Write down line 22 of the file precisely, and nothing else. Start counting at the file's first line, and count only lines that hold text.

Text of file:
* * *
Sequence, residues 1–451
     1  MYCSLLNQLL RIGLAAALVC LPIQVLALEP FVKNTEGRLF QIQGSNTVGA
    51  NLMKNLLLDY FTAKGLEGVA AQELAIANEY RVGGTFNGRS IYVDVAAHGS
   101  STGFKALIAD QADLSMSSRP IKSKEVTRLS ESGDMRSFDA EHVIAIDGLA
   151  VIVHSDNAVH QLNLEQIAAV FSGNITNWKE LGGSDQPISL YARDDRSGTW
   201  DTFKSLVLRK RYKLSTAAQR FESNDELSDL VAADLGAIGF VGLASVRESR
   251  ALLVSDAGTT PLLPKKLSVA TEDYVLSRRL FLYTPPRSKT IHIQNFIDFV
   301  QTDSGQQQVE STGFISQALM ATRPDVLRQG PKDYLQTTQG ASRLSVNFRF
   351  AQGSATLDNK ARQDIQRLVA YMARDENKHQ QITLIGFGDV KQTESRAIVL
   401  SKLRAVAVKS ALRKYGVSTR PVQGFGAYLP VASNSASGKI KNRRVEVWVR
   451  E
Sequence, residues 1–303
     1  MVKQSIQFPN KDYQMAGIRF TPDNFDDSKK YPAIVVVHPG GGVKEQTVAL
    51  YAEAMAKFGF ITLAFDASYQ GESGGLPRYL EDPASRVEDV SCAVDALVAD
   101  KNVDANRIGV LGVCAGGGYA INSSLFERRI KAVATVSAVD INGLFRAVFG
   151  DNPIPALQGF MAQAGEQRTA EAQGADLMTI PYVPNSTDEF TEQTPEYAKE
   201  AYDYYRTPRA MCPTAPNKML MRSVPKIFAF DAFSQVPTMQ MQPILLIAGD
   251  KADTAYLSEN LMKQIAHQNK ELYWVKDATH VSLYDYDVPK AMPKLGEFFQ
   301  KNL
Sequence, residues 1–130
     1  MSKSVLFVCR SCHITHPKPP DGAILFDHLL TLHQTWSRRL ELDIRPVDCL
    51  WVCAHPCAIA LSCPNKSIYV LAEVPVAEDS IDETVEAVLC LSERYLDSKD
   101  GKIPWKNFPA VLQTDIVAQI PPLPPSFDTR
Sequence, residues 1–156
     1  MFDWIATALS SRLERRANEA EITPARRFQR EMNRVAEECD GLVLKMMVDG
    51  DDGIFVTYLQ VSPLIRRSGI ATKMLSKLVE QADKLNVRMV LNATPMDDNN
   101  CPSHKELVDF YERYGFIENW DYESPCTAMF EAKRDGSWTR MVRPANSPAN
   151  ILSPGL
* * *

    51  WVCAHPCAIA LSCPNKSIYV LAEVPVAEDS IDETVEAVLC LSERYLDSKD